Hopping on a #19 bus headed east, we rode it to the small suburb village of San Joachin. We disembarked in the village and took a couple of pictures of the ubiquitous church and wandered around the dusty streets feeling quite foreign. Apparently, out of our "hood" (Cuenca), we are still tourists. Shelley asked Brian if he thought there'd be any cappuccino in San Joachin and in reply he simply shot her one of those looks. Getting back onto the #19 we thought we'd take it all the way to the end of the line the other way, but got off downtown and had that cappuccino instead.
On one of our neighbourhood walks we dropped into a place on Calle Mariscal Lamar behind the new apartment buildings called Taller de Alfareria Encalada Galeria where they've been doing clay work for generations. We, of course, asked if they had any fish plaques, but unfortunately they didn't. They generously gave us a tour through their home/factory where members of the family were busy building clay pots, etc. and their various wares were displayed throughout their beautiful home. By the time we'd trucked up to Av. de las Americas Shelley was ready for a cappuccino, so we dropped into Punto's for a 60 cent java and left with $20 worth of Christmas cake, rolled pork roast, peas, gravy & a mango chutney. We obviously can't be trusted. They had a wonderful looking buffet there ranging in price from $1.98 to $7 and we got hungry watching the plates being piled with goodies. All in all, we got enough food for 4 or more meals, so we didn't do too badly.
It's been a pretty bad couple of weeks for us. One of the children disowned us, repeated every past transgression in an e-mail and let us know how selfish we were to move to Ecuador. Another one got on the band wagon and gave us a blast as well. As all the children are full grown adults now and as we have yes, permanently moved to Ecuador, neither of us felt there was a lot within our control regarding the matter. However, that doesn't stop the aching feelings. We got Brian all happied up and took him to the specialist to finish his root canal, only to be told the specialist had decided to take the day off and the appointment would be rescheduled. (An Ecuador thing.) Having spent 2 days working up to the appointment and a sleepless night, the relief you'd think might be there for a cancelled appointment, wasn't. And...to top it all off...it'd gone back to being rainy for awhile. Suited our mood.
As it turned out, the root canal specialist had been in a motorcycle accident and had broken his shoulder. (We weren't the only ones having a bad week.) The rest of Brian's work would have to wait 7 days or so for healing. We're not sure how the specialist can be ready in a week, but we've been assured he will be. Instead, Brian went to the regular dentist to have his rotten tooth pulled. Shelley ventured to SuperMaxi to buy the fixings for chicken soup figuring Brian wouldn't be up to chewing food for a day or 2 and arrived back in the dentist's office just in time to hear Brian say, "So that's it?!"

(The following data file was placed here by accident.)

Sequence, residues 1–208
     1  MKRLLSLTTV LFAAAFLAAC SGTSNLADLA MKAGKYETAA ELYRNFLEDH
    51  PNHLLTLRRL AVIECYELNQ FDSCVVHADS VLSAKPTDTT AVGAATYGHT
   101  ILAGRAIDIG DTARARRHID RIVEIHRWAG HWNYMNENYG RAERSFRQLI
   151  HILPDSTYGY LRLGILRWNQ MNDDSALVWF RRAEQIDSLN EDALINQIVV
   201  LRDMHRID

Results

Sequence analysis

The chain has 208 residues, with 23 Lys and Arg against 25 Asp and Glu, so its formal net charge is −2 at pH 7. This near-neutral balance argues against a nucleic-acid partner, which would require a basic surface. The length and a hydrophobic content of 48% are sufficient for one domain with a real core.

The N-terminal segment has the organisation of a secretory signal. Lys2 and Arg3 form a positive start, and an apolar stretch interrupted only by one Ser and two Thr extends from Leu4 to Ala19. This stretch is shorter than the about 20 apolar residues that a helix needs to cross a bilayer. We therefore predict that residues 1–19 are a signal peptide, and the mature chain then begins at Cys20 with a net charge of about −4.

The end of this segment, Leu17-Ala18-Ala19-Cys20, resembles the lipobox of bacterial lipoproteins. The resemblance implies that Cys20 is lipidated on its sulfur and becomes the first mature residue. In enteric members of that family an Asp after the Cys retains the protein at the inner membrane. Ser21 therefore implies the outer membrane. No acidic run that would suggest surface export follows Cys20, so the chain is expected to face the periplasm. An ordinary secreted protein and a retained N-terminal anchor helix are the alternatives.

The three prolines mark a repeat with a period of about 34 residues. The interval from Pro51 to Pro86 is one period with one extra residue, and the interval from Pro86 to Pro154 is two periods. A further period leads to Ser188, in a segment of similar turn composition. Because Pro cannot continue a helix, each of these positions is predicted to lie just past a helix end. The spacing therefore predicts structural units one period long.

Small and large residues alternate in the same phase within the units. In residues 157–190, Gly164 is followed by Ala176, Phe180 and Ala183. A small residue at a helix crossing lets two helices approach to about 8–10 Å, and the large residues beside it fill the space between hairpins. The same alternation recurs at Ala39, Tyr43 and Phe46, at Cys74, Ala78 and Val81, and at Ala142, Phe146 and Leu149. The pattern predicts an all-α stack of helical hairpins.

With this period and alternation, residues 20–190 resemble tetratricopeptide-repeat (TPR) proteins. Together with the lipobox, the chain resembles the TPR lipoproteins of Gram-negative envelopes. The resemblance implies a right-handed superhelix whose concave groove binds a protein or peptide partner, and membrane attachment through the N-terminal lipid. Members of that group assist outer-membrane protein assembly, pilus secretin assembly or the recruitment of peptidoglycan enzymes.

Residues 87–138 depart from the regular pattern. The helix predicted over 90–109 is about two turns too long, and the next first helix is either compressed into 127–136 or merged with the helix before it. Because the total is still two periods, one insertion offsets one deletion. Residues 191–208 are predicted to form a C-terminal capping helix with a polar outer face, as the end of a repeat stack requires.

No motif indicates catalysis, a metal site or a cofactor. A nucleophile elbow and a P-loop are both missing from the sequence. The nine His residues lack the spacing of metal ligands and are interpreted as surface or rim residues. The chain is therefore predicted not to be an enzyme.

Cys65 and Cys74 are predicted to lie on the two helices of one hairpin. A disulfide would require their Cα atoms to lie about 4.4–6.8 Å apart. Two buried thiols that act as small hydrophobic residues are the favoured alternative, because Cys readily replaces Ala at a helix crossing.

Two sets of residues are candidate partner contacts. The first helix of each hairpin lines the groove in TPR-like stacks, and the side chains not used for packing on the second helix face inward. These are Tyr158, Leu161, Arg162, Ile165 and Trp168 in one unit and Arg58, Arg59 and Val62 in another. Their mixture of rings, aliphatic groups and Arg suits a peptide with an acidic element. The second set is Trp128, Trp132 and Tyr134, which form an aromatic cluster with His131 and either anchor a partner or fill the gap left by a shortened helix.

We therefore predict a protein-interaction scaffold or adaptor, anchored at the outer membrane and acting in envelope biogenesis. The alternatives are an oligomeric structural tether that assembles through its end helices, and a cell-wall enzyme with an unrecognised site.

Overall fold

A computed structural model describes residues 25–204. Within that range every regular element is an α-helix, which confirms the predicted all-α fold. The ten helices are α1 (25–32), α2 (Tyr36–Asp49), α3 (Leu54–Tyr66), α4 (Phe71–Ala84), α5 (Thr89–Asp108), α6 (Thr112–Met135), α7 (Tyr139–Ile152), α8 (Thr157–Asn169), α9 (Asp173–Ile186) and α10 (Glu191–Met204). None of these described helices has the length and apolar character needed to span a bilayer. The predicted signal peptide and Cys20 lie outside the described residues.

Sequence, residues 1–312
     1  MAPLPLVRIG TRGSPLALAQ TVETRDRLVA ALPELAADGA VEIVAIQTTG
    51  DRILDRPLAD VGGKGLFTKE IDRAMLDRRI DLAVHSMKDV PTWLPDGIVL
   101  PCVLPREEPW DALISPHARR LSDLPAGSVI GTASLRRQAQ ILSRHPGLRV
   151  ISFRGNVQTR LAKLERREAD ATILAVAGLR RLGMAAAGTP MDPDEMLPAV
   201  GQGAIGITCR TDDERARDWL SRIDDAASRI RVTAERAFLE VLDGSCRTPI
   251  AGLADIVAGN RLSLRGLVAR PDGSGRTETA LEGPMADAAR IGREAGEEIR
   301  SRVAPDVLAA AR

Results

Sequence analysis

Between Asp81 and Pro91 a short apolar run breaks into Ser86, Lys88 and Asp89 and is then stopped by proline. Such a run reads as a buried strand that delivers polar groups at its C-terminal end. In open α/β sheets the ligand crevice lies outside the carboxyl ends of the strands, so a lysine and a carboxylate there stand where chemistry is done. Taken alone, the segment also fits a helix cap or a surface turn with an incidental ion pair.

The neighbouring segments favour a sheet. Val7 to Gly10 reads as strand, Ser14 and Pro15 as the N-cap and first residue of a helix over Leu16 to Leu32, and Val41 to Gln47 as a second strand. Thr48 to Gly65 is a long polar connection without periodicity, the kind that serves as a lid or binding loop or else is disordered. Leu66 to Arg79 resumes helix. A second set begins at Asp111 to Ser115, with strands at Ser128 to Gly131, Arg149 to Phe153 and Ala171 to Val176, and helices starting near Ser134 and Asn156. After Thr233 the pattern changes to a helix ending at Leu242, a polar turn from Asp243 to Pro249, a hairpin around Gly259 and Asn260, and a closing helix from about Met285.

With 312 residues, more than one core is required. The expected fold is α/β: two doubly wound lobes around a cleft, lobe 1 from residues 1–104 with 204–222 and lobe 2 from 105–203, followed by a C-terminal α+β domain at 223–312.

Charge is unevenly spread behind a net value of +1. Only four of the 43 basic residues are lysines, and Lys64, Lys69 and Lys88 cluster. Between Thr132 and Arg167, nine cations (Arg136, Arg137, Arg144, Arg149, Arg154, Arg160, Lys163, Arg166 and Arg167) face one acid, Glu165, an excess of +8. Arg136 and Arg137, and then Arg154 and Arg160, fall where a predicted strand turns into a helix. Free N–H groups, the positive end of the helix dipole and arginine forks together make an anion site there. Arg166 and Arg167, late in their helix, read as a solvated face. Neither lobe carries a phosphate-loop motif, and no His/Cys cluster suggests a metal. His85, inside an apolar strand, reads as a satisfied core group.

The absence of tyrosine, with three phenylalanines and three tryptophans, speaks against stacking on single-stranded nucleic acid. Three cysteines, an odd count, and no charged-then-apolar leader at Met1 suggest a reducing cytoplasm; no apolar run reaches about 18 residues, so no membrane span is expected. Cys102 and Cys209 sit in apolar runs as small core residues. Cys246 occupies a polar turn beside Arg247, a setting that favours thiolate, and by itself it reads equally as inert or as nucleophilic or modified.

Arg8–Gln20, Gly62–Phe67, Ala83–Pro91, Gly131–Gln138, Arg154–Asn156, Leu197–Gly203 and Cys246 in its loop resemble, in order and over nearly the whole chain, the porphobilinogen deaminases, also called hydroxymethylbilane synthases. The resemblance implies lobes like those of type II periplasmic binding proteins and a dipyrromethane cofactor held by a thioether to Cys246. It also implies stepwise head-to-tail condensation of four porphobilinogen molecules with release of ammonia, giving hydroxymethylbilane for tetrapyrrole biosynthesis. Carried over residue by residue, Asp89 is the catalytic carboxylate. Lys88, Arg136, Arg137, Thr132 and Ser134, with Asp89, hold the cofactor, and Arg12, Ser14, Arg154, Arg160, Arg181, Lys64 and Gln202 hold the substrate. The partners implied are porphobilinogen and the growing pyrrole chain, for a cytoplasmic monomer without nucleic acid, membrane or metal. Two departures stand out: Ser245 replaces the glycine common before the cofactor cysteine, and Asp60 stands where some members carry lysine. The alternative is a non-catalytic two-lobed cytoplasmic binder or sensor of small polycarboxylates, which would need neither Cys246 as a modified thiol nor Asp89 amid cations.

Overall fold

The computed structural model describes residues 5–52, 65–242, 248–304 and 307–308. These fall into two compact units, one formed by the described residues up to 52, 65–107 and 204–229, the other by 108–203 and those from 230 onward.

The dentist advised after the root canal work was finished, he'd send Brian to yet another specialist, this time in periodontics because his remaining teeth were so sensitive and needed a deep clean. Brian was concerned about being without his bottom plate for a week or so while the new false tooth was fitted to it, but was told that procedure would take only about 2 hours.
Walking home Brian demonstrated to Shelley how he held his hands together in a white grip while the tooth was being pulled and counted 1,2,3,4,5 days until he had to have more work done. "It's just going to go on and on" he whined to Shelley.
"It always goes on and on with your teeth" Shelley answered. "Have I mentioned I hate your teeth?"
Six weeks ago we'd opened up a bank account with a bank in Cuenca. We deposited some cash and wrote a cheque on our Canadian account for another lump sum. We monitored our Canadian account over the internet to see when the lump sum was deducted. After six weeks it never was so we ventured to the local bank again. The young man that dealt with us had some limited English and we of course have our limited Spanish. We'd been charged $20.64 in service fees since we'd opened the account and had so far not used it at all. Turns out there was a $5 fee to get our banking card, and another $5.64 fee charged every six months for services and another $10 fee because the cheque we'd written wasn't valid.
"Not valid?!" Shelley questioned with some heat.
Shelley had written the cheque on their joint account to Brian and signed it. Brian, however, had not endorsed the back as it was a straight deposit and this isn't required for a straight deposit in Canada. It is, however, required in Ecuador.
"What about the $10 service charge?" we asked.
We were assured this would be refunded (we'll see) and Brian endorsed the cheque and we tried depositing it again.
We'd written to our Bank in Canada, told them we were in Ecuador and asked them the easiest way to transfer money to a bank account here. They wrote us back suggesting we drop into our nearest Canadian branch to arrange an electronic transfer.
"Are they stupid or do they expect that there's a branch of our bank just down the street in Cuenca?" Shelley asked of Brian.
Oh well...tomorrow is expat night...maybe we can go there and create some chaos. Frankly we're glad the week's almost over.